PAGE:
He came to Davos for one day to announce the agenda. They expected him to concentrate on measures to stabilize the world economy rather than climate. There were reasons for the suspected change - for several weeks running, world financial organizations reported record losses, and the crisis reached its peak last week when all stock exchanges collapsed in a panic.
Speakers at Davos were pessimistic. The famous currency profiteer George Soros announced the end of the dollar as the global reserve currency. Distinguished economist Nouriel Roubini predicted a deep and prolonged recession in the U.S. economy, perhaps lasting as long as a year. He added that it would inevitably affect the world economy. In the end, Director-General of the International Monetary Fund Dominique Strauss-Kahn urged all countries to take serious monetary and fiscal measures in order to neutralize the threat of a recession in the U.S. economy. He even called on countries with budget deficits to increase their spending for this purpose. His appeal shows that once again the current situation is very dangerous for the global economy.
But these gloomy forecasts did not compel the Japanese government to adjust the agenda for the G8 summit. The audience in Davos burst into applause when Fukuda described Japan's intentions to implement the Cool Earth Partnership.
In looking for its name, Japanese government officials must have recalled the Japanese campaign Cool Biz. Since the summer of 2005, the Japanese Ministry of the Environment has been persuading the multi-million army of Japanese employees not to set the temperature of air conditioners below +28 C and not to follow too strictly the official dress code, i.e. to take off jackets, wear cotton trousers and short-sleeve shirts, and unbutton collars. In the ministry's estimate, Cool Biz helped reduce carbon dioxide emissions in Japan in the summer of 2005 by 460,000 tons (equal to what a million households produce in a month); in the summer of 2006 they went down by 1.14 million tons (the amount produced by 2.5 million households in a month).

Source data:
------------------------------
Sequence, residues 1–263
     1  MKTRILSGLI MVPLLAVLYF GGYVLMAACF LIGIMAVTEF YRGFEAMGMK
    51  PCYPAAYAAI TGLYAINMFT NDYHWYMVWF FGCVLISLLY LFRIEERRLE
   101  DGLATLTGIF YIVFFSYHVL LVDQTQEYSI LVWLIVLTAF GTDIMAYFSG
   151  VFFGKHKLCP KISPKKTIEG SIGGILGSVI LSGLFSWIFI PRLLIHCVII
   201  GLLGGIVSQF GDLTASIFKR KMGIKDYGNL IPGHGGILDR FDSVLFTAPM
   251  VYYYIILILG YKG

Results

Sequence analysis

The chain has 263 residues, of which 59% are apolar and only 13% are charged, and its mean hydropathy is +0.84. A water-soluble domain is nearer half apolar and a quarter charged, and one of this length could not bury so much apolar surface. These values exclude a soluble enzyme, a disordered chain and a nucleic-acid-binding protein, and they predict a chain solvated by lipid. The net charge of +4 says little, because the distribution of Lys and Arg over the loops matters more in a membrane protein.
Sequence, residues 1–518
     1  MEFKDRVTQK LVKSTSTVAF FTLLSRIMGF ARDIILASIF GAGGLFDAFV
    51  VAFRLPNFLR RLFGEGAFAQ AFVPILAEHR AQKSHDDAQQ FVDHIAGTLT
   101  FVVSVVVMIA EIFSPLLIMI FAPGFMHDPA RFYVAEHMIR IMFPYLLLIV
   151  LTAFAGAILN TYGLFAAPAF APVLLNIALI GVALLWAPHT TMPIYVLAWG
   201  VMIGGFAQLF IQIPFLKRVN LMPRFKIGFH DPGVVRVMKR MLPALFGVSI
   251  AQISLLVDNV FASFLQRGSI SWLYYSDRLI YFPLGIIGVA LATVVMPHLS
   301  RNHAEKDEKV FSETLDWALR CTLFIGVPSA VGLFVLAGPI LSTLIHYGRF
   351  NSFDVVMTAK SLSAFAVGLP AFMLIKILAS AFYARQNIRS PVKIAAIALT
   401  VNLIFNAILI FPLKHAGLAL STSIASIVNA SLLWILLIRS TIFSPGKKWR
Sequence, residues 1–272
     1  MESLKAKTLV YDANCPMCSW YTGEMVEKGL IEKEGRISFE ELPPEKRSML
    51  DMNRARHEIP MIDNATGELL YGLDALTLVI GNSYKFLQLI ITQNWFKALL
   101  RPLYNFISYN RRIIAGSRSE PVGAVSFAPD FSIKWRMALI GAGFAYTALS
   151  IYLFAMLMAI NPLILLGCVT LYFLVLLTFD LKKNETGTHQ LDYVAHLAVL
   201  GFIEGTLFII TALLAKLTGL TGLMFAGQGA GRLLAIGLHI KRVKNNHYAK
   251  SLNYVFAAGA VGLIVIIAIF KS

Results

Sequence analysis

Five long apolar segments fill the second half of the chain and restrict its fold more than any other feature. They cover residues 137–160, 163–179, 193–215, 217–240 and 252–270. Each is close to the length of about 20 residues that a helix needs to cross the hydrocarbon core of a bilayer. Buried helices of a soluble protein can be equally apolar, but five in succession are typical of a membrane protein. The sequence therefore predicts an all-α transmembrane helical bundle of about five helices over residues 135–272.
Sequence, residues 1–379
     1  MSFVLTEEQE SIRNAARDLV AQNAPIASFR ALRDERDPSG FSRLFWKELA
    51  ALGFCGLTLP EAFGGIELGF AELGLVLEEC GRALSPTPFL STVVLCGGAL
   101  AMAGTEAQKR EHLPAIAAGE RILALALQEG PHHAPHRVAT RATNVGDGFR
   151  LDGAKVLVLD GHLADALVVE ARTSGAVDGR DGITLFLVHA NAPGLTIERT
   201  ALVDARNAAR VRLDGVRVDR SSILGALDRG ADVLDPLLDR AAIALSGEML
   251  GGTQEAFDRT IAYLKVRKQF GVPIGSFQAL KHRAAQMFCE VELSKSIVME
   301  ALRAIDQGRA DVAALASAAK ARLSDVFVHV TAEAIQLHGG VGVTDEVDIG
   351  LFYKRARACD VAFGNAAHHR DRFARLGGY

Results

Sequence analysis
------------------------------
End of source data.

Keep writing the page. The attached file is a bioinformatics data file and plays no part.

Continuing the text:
The initiatives announced by the Japanese prime minister in Davos will not produce such an immediate effect. But their financial scale and the traditionally meticulous attitude of the Japanese toward the implementation of any project make it possible to hope for impressive results.
Fukuda made the following initiatives (in the order he announced them, not by their importance). Japan will establish a fund of $10 billion to counter global warming in developing nations in the next five years. Japan has also suggested setting up an international fund for the same purpose. Fukuda said that the United States and Britain have already agreed to this project, and other countries are welcome to do the same. Finally, Japan will invest $30 billion in a five-year program to enhance the energy effectiveness and environmental security of its own industry. It has urged the world to increase energy effectiveness by 30% by 2020.
Fukuda confirmed that global climate change would remain the overriding issue at the G8 summit. He emphasized that other items on the agenda - economic stability, assistance to the poorest countries, above all in Africa, and the struggle against terrorism - were no less important and also require urgent action.
This ranking of priorities shows that the world economic system has started to change. The need to overcome together the technological backwardness of poor countries in order to reduce harmful anthropogenic effects on nature is becoming more important than assistance to the "wounded giant" - the U.S. economy, no matter how serious its problems may be.
The opinions expressed in this article are the author's and do not necessarily represent those of RIA Novosti.